Insects and spiders belong to the Arthropod phyllum- segmented animals with exoskeletons, jointed appendages,and no backbone. This is a phyllum with numerous taxa: California as a whole has an estimated 30,000-35,000 species of insect alone.

Yosemite's arthropods can be found anywhere from the bottom of its valley floors to the tops of its mountain peaks. Rare alpine butterflies inhabit elevations of about 3,000 meters (10,000 feet) and above, while the Yosemite cave pseudoscorpion (Parobisium yosemite) dwells in talus caves in Yosemite Valley. Talus caves form when rocks and boulders fall down from cliffs and slopes. The gaps between the fallen rocks become caves that are well-suited to troglobites adapted to dark environments. Scientists came across the Yosemite cave pseudoscorpion by accident during a survey, and it was officially recognized as a new species in 2010. This blind cave-dweller is about a centimeter in length and looks like a scorpion; however, it has no posterior eyes, no tail, and no stinger. It does have a venom-filled claw, but fortunately for us, it is not large enough to harm a human.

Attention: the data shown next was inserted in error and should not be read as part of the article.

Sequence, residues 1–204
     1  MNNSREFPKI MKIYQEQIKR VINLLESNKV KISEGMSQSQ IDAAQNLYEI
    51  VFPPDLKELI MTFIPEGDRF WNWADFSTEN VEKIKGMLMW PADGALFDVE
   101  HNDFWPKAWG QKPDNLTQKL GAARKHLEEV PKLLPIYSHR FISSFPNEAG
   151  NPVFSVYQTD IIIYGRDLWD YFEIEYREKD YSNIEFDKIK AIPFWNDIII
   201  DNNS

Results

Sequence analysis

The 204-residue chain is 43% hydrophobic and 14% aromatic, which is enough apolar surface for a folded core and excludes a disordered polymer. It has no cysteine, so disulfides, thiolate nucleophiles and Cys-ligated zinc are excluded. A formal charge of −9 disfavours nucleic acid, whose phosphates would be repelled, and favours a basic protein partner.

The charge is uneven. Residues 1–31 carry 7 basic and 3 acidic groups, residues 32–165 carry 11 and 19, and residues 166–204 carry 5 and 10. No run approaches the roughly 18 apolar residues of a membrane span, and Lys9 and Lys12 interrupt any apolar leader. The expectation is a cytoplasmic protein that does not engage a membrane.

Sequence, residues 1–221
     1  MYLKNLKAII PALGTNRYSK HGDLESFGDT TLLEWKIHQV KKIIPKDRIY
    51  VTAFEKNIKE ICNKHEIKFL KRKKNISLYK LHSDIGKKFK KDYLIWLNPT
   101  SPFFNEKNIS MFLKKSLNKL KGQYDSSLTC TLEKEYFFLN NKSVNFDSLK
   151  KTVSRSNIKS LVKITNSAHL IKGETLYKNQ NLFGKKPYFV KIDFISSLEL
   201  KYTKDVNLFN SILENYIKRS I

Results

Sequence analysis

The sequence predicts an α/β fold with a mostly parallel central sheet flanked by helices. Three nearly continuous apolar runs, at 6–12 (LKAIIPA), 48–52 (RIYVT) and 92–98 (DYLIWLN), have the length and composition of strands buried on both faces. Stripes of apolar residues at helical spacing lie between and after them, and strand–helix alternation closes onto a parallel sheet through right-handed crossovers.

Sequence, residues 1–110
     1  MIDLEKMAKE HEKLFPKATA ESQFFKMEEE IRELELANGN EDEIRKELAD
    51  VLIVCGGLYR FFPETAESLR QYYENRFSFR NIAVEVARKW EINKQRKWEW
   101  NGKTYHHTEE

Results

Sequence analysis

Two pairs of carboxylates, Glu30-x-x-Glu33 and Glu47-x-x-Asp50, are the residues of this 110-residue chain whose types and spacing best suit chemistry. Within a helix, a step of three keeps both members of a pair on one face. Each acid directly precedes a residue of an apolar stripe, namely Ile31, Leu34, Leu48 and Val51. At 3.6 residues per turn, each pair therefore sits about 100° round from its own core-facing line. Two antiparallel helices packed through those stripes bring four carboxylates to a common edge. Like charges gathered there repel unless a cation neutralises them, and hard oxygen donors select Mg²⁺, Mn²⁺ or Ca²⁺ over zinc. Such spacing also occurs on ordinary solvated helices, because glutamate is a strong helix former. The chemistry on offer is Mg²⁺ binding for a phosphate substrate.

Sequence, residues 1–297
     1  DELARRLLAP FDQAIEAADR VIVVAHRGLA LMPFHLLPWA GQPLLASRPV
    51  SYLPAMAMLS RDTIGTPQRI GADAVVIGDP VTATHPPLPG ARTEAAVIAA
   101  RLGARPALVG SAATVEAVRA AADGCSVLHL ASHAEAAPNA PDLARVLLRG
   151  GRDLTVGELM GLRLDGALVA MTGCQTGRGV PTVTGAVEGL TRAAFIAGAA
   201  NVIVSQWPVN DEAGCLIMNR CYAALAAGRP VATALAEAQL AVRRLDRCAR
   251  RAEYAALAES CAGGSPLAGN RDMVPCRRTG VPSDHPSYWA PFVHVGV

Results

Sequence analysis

More Information:

Garth and Tilden- Yosemite Butterlies (ecological survey from 1963):

LiveScience- New 'Pseudoscorpion' Discovered in Cave of Yosemite:

National Park Service- Alpine Butterflies:

National Park Service- Annual Yosemite National Park Butterfly Count:

National Park Service- Insects and Their Relatives:

National Park Service- Pseudoscorpion—Unique to Yosemite:

Powell, J.A. and Hogue, C.L. 1979. California Insects. Berkeley, CA: University of California Press

Yosemite Library- Insects of Yosemite National Park: